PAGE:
I know these seem like a whole other category, far away from the content you’re creating but I assure you it’s all about how we divvy up the 1,440 minutes we have a day! Yes, that’s right – your content is competing with my shut-eye, too. How do you get me to tune into your blog and stay up an extra 60 minutes the same way I did for "Westworld"?
I hope you’ve been entertained through this post so far, but here come the tips (aka the education). Here are six strategies to try when creating your next piece of entertaining content:
Ask anyone on my team: I love a good old analogy. An analogy can take the most boring of topics (yes, some of us do have to write content about boring stuff) and frame it alongside something that has recently or historically captivated people. Props on this to Andy Crestodina of Orbit Media. Recently at the UFX conference, Andy spoke about SEO and analytics. No offense to SEO lovers, but I’ve tuned into some lullabies on SEO. Andy, on the other hand, had fun with the topic, comparing delivering a lead with SEO to birthing a baby. You’ve got to watch his “delivery of a lead” – I guarantee you will be entertained.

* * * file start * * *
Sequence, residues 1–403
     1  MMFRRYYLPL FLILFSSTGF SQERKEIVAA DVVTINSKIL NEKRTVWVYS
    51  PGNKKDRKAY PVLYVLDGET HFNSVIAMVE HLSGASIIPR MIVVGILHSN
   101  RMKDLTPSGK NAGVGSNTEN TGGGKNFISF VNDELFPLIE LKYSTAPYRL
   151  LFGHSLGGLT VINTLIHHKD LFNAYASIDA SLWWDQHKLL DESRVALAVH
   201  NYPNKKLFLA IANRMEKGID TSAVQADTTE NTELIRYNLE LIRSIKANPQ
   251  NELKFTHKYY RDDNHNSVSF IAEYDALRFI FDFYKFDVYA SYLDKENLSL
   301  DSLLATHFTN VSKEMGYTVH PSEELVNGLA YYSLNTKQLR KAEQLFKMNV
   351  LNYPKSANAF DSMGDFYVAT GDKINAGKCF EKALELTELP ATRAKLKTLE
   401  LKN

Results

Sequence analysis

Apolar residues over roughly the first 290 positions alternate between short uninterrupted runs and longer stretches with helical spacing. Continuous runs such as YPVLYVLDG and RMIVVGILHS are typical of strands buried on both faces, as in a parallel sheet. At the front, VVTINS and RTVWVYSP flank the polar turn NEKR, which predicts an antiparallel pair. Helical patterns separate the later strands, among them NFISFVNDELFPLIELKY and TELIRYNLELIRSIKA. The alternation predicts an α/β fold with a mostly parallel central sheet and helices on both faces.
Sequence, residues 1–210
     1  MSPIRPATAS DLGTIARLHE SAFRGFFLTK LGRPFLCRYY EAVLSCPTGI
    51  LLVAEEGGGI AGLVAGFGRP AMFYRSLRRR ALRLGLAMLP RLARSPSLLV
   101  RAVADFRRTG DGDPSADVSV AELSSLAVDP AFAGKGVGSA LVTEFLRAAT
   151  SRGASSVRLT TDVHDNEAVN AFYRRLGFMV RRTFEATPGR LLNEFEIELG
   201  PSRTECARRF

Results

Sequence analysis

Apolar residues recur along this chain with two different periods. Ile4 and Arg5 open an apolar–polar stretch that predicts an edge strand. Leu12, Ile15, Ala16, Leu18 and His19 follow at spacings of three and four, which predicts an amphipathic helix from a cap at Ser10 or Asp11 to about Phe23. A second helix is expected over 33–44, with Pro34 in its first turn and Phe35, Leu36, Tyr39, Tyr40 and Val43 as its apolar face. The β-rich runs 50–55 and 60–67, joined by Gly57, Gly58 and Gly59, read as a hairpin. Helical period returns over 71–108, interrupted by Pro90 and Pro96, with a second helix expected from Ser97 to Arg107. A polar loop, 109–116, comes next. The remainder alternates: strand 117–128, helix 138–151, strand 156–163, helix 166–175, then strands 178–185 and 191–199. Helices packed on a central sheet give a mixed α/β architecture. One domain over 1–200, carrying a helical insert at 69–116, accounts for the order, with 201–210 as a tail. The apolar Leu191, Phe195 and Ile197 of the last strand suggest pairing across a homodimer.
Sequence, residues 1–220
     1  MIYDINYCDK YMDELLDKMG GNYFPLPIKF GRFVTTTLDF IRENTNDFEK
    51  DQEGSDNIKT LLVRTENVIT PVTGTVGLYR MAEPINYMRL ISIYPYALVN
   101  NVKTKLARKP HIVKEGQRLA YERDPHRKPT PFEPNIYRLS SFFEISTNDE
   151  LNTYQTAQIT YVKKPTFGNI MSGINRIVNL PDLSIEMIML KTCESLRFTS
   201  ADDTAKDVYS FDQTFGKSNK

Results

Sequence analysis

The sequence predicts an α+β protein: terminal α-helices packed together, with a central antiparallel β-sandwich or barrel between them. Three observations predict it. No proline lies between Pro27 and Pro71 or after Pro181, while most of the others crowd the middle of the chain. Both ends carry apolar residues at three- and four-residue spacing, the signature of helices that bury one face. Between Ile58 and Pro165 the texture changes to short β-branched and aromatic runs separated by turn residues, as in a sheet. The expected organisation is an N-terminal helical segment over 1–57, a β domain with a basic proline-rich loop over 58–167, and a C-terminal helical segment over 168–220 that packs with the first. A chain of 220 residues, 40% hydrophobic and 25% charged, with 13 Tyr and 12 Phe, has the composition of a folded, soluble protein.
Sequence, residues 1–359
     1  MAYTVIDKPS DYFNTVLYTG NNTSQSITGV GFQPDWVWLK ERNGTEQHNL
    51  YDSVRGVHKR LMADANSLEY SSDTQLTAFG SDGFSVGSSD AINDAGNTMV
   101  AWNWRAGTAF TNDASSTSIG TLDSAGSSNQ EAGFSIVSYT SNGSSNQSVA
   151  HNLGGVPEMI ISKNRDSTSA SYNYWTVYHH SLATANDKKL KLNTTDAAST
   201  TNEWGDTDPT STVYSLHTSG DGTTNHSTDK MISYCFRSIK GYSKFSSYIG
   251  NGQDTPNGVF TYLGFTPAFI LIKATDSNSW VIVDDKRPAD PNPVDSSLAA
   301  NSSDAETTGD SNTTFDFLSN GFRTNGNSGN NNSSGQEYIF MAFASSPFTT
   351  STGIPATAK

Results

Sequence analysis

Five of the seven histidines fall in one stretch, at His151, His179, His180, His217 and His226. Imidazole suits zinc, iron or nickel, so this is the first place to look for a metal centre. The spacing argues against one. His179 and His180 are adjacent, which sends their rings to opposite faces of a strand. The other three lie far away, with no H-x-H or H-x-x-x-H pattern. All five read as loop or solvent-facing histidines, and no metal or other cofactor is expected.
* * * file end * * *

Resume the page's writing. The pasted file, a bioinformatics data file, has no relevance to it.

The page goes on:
It’s amazing how many of us don’t have a proper definition for content marketing. My favorite definition comes from Content Marketing Institute:
Content marketing is a marketing technique of creating and distributing valuable, relevant and consistent content to attract and acquire a clearly defined audience – with the objective of driving profitable customer action.